The law is meant to prevent the public from photographing or filming the police. That is whether or not they are in action.
And this means the law will protect the police from prying eyes, and not a single member of the public can film police brutality.
This is a step backward for a country that has promoted freedom since its creation, including the freedom to attack religious icons.
However, there is now a limit in targeting the police.
On Saturday demonstrators brandished slogans such as “police everywhere, justice nowhere” and “smile while you are beaten.”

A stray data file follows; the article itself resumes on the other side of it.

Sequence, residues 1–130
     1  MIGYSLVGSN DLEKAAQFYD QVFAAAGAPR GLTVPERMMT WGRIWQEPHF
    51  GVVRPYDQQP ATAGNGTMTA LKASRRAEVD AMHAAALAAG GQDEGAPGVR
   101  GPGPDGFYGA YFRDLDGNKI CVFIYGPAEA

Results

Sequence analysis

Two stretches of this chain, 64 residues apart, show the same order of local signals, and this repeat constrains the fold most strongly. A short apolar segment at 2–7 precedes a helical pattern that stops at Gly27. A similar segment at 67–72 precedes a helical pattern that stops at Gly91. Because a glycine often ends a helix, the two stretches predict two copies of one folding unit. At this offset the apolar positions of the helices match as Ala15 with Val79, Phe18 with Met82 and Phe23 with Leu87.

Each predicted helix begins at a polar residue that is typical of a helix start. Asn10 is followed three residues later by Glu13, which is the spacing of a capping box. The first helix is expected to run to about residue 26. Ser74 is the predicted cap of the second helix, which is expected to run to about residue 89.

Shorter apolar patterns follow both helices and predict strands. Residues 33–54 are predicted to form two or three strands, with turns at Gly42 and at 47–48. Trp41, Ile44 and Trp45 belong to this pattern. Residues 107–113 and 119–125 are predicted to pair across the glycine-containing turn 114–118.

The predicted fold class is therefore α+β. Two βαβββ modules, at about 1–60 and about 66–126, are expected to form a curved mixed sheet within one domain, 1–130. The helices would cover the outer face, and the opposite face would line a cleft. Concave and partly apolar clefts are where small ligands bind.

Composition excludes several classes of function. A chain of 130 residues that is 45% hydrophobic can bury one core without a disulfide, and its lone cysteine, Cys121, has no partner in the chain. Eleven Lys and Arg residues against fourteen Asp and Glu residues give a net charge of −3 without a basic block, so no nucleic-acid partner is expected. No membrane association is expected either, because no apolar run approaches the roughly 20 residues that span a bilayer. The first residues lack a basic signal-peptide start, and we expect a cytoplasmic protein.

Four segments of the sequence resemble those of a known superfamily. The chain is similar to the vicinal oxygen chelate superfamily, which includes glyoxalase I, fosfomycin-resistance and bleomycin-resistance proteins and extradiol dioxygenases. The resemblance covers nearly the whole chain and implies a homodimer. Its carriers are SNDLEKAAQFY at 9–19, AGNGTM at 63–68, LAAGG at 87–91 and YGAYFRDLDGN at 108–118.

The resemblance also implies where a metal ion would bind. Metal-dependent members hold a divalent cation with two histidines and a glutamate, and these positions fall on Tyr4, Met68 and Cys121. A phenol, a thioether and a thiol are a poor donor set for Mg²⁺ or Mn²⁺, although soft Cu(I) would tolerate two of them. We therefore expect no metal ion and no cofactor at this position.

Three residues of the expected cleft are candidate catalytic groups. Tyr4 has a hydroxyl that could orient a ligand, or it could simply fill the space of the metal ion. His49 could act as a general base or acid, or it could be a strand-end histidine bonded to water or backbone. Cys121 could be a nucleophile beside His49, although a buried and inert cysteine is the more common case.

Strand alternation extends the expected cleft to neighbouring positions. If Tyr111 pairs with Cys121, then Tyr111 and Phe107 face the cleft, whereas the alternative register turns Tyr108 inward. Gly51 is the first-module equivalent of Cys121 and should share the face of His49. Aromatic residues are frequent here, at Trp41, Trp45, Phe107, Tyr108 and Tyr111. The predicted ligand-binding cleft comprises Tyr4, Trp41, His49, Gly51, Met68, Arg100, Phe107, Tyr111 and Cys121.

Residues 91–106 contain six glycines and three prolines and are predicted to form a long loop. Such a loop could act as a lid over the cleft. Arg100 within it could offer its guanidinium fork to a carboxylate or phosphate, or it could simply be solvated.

In response, Police fired tear gas at the protesters in Paris. Lucky for some, France did not criminals marchers who lit fires on the streets.
The French still have this freedom gained during the days of the fall of the Bastille.
For the Saturday rally, organizers say 500,000 people across France had taken part in the protests,.
They say up to 200,000 were in Paris.
The draft security law has already passed the lower house of the French parliament.
The authorities camouflaged the law, saying it aims to protect police officers who are occasionally targeted by terrorists or abused on social media.
Protesters claim the law would shield the police from scrutiny.
They also say the law is coming just days after a video showing a group of police officers brutally beating and abusing Black music producer Michel Zecler in Paris.
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